Free enterprise just hasn’t been good for journalism

Paul Steiger - Propublica

If you were thinking that the Internet ruined journalism, you’d be wrong; it’s competition and free enterprise that destroys the noble profession.

At least that’s my reading of Paul Steiger‘s speech last week as part of the Ralph McGill lecture series at the University of Georgia. He says many items are published on the Internet merely to generate page views to feed the CPM model of advertiser-supported media

In his day, it was, … well, not so different. Steiger recalls many similarities between news coverage today and what it was when he was a “kid reporter” at the Los Angeles Times in the 1960s:

When I was a kid reporter at the LA Times in the 1960s, some of the veteran photographers and reporters regaled me with tales of how they used to sit in their cars with motors running, radios tuned to the police band, so they could be first on the scene of a gangland slaying or a spouse-stabbing, the bloodier the better.

There weren’t one or two papers competing for audience, but six or seven, and the more lurid the page-one photo, the hotter the per-copy sales, which were the lifeblood of circulation in those days.

There was serious stuff in the papers, too, like Korea and the Cold War and polio vaccine, but much of that was available to everyone and left to the wires to report. The premium, then as now, was on speed.

In betwixt then and now, newspapers culled competitors and gained monopoly markets. Steiger says the monopolies metro newspapers enjoyed for decades allowed for high quality journalism and even ethics. Huge profit margins allowed the expensive kind of investigative journalism that is part of the “fundamental underpinnings of our democracy.” Heady stuff for the beneficiaries of monopolist media.

Now that on the Internet anybody can be a publisher, the monopolies are in declined or no longer exist. Also in decline or no longer exist are the huge profit margins. We’re harkening back to the lurid photo (now the “sexy celebrities on news aggregation sites “> and bloodier the better (or “pointless exotica as a come-on for international or national news”) to attract audience.

Maybe monopoly newspapers benefited society even as they enriched their owners. Maybe telephone service was better when there was only Ma Bell. Maybe, TV news was more responsible when there were only three networks. Maybe what was good for GM really was good for America. And maybe Standard Oil really did have our interests at heart. Even so, it’s doubtful we’ll go back.

One point that I think Steiger did nail was on the need for transparency within the media, ranging from the sourcing of information (sharing documents and data) to the process of the reporting and even to “business-side” information.

For Steiger, the alternative to the problems of funding journalism without a monopoly, is the non-profit. He is editor-in-chief and led the launch of, a non-profit, non-partisan news organization doing very fine work. Nonetheless, it’s done outside the fray of free enterprise and market competition. It may be one of the new models of media, but I doubt it will become the dominant model.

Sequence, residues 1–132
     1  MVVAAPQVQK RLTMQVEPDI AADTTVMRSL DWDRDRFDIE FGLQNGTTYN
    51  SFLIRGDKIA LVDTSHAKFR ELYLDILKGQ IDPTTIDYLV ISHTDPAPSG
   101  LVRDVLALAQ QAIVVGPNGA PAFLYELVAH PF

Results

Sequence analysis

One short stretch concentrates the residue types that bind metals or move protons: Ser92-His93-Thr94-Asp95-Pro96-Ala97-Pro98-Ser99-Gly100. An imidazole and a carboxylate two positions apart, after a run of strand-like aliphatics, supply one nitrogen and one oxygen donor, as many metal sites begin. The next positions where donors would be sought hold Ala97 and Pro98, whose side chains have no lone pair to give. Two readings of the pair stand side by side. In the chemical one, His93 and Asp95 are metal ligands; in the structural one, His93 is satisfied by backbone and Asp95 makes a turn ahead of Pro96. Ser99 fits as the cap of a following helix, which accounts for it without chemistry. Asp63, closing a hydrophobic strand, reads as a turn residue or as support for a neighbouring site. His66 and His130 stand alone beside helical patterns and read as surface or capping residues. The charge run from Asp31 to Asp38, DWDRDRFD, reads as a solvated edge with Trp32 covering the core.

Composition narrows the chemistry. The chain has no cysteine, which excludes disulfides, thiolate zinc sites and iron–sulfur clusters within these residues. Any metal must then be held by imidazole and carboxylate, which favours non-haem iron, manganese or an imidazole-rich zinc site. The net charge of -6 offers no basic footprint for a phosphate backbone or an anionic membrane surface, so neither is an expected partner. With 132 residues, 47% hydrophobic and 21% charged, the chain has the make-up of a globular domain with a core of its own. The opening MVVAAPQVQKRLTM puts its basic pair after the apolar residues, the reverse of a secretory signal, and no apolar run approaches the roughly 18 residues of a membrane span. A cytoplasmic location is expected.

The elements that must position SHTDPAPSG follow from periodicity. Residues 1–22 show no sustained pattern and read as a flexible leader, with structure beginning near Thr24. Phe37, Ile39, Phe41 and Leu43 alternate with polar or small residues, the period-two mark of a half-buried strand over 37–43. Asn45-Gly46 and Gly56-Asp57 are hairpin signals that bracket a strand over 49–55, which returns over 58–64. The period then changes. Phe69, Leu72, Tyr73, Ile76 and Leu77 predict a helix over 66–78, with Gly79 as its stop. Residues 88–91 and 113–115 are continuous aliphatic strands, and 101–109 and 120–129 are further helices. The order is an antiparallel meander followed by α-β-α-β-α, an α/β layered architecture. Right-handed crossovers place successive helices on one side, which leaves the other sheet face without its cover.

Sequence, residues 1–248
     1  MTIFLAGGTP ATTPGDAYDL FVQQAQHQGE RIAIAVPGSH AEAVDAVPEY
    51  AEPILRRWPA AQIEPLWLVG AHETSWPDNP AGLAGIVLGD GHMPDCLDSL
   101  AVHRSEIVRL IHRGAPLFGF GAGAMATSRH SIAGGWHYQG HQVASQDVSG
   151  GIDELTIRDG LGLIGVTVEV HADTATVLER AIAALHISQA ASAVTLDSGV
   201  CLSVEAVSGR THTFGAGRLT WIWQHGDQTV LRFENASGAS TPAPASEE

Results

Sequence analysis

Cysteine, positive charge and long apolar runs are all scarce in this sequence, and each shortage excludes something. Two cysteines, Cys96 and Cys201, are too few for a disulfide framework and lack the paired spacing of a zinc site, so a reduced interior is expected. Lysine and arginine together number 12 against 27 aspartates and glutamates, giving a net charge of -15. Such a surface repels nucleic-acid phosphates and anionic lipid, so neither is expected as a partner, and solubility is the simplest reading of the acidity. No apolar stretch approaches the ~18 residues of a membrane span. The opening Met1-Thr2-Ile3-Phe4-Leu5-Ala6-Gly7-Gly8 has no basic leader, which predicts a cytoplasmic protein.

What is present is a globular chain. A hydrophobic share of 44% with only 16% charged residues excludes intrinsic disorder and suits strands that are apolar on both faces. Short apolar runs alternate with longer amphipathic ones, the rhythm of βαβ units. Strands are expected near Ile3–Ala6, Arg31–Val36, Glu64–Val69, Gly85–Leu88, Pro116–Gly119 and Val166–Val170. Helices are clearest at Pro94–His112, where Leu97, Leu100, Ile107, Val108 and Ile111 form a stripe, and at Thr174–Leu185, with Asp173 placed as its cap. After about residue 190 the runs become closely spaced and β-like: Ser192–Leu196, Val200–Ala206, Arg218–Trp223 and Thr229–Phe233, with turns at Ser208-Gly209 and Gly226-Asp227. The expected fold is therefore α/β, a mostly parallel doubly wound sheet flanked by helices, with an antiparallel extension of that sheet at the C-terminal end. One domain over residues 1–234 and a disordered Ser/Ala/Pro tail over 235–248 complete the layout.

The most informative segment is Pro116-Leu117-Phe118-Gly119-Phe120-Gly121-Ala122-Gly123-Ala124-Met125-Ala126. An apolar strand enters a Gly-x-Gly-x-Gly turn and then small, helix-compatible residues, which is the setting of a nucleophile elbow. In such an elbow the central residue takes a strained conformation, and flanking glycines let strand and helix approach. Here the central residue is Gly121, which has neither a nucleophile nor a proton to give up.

(Photo of Paul Steiger taken by Luca Sartoni on April 23, 2010 and used under a Creative Commons license.)

: Welcome Instapundit readers.


  1. I suspect journalism in order to succeed in the free market and in the era of the Internet will have to specialize.
    You need to become an expert in one thing before everyone else. People will pay you for that high level of expertise or advertise on your webpage to get at the eyes of the readers. And you need to write well so that people will read your stuff.
    Unfortunately that’s hard for the present day journalist who is not an expert at all. It also means that you have to work for yourself rather than feed off the organization. And that’s doubly hard.

  2. “Maybe, TV news was more responsible when there were only three networks.”
    No way. Cronkite’s reporting on Vietnam was no different than the reporting on Iraq was. Biased, false, and motivated by personal belief intending to convert the audience to that belief – far from objective. Study history. There was no golden age of “objective” journalism since the invention of the printing press to today.
    Journalism will continue to be soap opera – entertainment used to sell advertising.
    My hope is that the internet will have a positive effect on society – allowing people who are interested in learning and thinking for themselves to find the truth – and preventing those with ulterior motives from perpetuating lies. But it remains to be seen if that hope will be realized – all people are so biased by their own preconceived ideas that they are often resistant to the truth when given to them on a silver platter.

  3. Missing all the good points entirely.
    Open media markets destroy the purveyors of disinformation. There will always be another Dan Rather trafficking forged TANG documents. Now we have an army of Davids to slay these disinfo Goliaths.
    I derive no end of amusement watching the evaporation of massive investment in Leftist media. Epic comeuppance.

  4. Steiger is right. Successful owner/editors in the previous competitive era are a lot like today’s new media builders.